Take a night off for a good cause

By Geoff Lee

April 20, 2017 12:00 AM

Call it creative panhandling 2.0 for a worthy cause and a charitable tax receipt. 
The Thorpe Recovery Centre is asking people to donate $100 to support a Treatment Fund managed by the Lloydminster Region Health Foundation.
In exchange, buyers get a ticket to take a personal night off on May 25.
The Night Off campaign advises dinner will not be provided; there will not be an auction, doors will not open at 6 p.m. and this is not a gala —this is your night off.
The non-event fundraiser kicked off April 10 with a mix of confusion and snickers according to Sara Cawsey, Thorpe’s business development assistant.
“I was asked last week who hit their head to come up with that idea,” she said noting there is a history of non-event fundraisers in North America that have worked well.
The key to their success she said is “being a little sassy and to show the benefit of not having to go out” for the night.
Cawsey said with Night Off, there are cost savings for people not having to purchase outfits or a babysitter or a cab, and spending a night out with extra costs.
She said the sky is the limit as to what ticket buyers can do on their Night Off.
“They can have a nap; they can have a little dinner party with their family or just go about their daily business,” she joked.
“It’s a different concept.”
Cawsey said the Thorpe Centre knows there are a lot of events in Lloydminster that are really great, but consume a lot of time and resources to pull off.
“We were trying to find something that was new and stood out a little bit without having to do another big gala,” she said.
Tickets for Night Off are available from Harvest to Home Market, Cliff Rose for Clothes and the Thorpe Recovery Centre itself.
A ticket also buys piece of mind knowing 100 per cent of the price goes directly to the Treatment Fund, founded in partnership with the Health Foundation last August.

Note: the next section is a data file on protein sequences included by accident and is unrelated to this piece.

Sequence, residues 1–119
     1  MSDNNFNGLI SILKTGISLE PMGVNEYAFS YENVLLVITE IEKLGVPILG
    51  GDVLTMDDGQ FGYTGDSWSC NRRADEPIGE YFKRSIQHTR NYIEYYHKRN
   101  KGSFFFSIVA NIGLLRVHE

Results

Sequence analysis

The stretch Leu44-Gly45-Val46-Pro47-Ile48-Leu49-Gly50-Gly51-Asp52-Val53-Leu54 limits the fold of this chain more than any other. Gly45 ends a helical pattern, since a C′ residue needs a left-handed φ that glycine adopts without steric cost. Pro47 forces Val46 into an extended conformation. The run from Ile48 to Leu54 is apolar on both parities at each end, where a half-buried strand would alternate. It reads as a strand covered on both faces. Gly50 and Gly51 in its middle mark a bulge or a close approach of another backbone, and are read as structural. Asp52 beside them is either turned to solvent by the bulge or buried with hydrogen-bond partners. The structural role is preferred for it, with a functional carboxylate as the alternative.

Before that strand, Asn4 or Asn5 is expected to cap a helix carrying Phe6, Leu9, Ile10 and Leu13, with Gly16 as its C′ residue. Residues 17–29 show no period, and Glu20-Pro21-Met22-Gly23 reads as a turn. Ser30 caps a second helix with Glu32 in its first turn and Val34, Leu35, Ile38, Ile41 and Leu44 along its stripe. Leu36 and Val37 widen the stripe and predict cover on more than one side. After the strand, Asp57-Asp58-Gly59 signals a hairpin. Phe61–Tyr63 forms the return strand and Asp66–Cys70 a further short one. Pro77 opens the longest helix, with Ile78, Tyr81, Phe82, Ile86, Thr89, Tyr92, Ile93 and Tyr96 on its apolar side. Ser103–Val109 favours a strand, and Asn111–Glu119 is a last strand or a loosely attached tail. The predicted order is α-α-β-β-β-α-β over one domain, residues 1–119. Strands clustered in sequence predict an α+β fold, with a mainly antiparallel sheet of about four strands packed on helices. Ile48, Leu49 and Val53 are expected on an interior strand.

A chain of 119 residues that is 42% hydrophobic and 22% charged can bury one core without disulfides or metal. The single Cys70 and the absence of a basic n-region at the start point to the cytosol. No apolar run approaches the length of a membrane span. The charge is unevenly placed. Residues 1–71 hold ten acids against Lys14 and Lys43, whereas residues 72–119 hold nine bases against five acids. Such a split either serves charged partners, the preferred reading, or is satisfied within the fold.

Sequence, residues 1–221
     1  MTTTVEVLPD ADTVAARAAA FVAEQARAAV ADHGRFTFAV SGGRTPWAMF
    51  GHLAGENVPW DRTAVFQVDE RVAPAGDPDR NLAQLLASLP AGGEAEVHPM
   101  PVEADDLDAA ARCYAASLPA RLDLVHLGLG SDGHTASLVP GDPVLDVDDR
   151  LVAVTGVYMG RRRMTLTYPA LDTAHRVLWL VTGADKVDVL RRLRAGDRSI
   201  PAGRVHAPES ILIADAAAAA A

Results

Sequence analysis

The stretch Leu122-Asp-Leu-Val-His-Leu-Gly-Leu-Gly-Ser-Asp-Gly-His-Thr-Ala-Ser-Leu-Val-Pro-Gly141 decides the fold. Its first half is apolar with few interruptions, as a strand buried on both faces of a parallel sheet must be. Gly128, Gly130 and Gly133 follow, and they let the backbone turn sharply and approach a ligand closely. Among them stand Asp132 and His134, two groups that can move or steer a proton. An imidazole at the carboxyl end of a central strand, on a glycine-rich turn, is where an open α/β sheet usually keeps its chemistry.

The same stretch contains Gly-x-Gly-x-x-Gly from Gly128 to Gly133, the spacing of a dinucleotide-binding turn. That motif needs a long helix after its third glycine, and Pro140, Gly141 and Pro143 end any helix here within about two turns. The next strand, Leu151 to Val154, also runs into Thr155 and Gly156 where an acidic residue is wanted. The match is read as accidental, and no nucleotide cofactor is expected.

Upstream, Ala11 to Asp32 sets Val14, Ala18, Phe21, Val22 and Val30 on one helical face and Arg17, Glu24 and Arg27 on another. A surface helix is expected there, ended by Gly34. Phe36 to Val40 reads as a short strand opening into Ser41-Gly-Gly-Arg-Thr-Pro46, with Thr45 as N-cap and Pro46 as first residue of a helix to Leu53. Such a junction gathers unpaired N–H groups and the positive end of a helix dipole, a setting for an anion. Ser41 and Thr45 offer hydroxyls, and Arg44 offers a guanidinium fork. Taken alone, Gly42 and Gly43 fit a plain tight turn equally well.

Last year, the lack of funding left over 1,900 persons waiting six or more weeks for addictions treatment.
The Treatment Fund will provide financial assistance to individuals seeking the services of the Thorpe Recovery Centre, reducing the wait time.
“Our fundraising goal is 400 tickets, but obviously ‘seating is not limited’, so if we can break past that we’d be over the moon,” said Cawsey.
It can cost up to $17,000 to treat one person for addiction during a 42-day stay at the Thorpe Centre.
Cawsey said right now with the economy, it’s really hard for people to get treatment.
“We do a very small amount of beds funded through the Alberta and Saskatchewan government, but it’s not enough to help the need,” said Cawsey.
“Right now, we’re only able to help one in five people who call for help, so our hope is we can get more people in.”
The Night Off campaign is catchy and saves the Thorpe Centre the time and cost of soliciting corporate sponsorships during the economic downturn.
The Thorpe Centre has a shoestring budget to promote Night Off using printed posters, social media and e-mails to spread the message with support from NewCap radio and Imagepress.
“So, we’re still able to have a really big impact without a whole lot of expenses,” said Cawsey who hopes the message will go viral on the Internet.
“It’s a charity event with a different kind of spin on it, but it’s an event,” she admitted.

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